POVERTY | The Arlington Food Assistance Center is seeing record demand – it served more than 1,600 families (or more than 4,000 individuals) in one week of September alone. Unemployment is a key factor in the demand spike, but the food bank’s executive director, Charles Meng, points out that even people with jobs need help – “$7.25 an hour is not a living wage in Arlington County.” Meng is concerned that the consistency in demand increases is going to become problematic. (WaPo, 10/10)

- DCPS and the teachers union are set to begin negotiations on a new contract this week. Both sides hope to avoid a repeat of the last contract’s three-year process, but there are still significant points of contention (Examiner, 10/8):

DCPS said it does not expect to bargain over the controversial Impact teacher evaluation tool that attaches as much as 50 percent of a teacher’s rating to student test scores. And Saunders said in an interview, “My middle name is ‘changes to Impact.’”

- A conference hosted by The Washington Post and sponsored by PNC took a look at early childhood education, including a recently announced expansion of Race to the Top focused on early childhood. (WaPo, 10/10)

- State conducts new audit of P.G. schools (Examiner, 10/11)

CULTURAL DATA PROJECT | The Morris and Gwendolyn Cafritz Foundation’s Michael Bigley led the charge to bring the Cultural Data Project to D.C. Read about why he’s excited that the DC CDP has launched. (WG Daily, 10/11)

NONPROFITS | Lindsey Buss, president of Martha’s Table, reflects on the 8 Neighbors report about Fannie Mae and Freddie Mac. He praises the funders’ leadership and says, “The continued decline in financial resources for human services is a real problem for the entire community. We cannot afford to lose best practices too.” (HuffPo, 10/8)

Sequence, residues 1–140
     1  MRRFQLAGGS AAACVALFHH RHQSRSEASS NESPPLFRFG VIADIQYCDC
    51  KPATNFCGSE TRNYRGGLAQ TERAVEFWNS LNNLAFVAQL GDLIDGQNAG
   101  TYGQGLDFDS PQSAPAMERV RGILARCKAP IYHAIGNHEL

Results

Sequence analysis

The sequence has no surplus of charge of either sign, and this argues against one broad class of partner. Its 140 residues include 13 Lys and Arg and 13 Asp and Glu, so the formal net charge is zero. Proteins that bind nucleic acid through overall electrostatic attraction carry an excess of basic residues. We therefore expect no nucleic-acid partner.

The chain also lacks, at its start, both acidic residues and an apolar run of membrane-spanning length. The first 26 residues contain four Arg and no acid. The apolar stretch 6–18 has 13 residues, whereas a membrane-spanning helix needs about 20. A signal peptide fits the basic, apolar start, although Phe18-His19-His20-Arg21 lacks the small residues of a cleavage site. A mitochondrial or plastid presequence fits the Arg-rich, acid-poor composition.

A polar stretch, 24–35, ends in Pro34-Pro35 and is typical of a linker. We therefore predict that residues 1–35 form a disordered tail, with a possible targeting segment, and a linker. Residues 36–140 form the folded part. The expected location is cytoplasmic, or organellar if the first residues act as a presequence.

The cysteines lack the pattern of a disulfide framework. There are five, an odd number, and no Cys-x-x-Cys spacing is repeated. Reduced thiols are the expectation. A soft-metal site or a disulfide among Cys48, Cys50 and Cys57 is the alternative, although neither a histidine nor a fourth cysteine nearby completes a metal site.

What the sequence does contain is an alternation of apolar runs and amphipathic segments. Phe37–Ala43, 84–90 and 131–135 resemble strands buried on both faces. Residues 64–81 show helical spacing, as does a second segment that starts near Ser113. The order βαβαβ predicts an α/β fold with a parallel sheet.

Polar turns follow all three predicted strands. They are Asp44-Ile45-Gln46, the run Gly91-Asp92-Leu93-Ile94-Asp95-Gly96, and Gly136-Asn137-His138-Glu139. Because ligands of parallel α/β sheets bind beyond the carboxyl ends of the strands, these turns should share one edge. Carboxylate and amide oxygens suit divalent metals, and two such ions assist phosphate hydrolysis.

- Related: Read the 8 Neighbors report.

POLITICS | “More than nine months into D.C. Mayor Vincent Gray’s administration, nearly one in every seven of the city’s boards and commissions sit empty with no members.” (WTOP, 10/11)

LOCAL | RFK Stadium looks like a relic from the USSR, but it is still one of the region’s landmarks and is a point of nostalgia for many people. On its 50th birthday, the Post’s Jonathan O’Connell asks experts what should happen to the stadium. (WaPo, 10/10)

- DCist also considers some fun ways in which Nationals Park might be used in the winter. (DCist, 10/10)

Hope you all enjoyed the beautiful weekend. I’m not sure where this originated – such is the nature of viral items – but I give full credit wherever it is due to the person who identified this important issue that protesters should address.

CDSC to end grant making…PNC Bank to announce grant to teach financial education to young kids…DCPS hopes for ‘equal resources and opportunities’ for all [News, 10.4.11]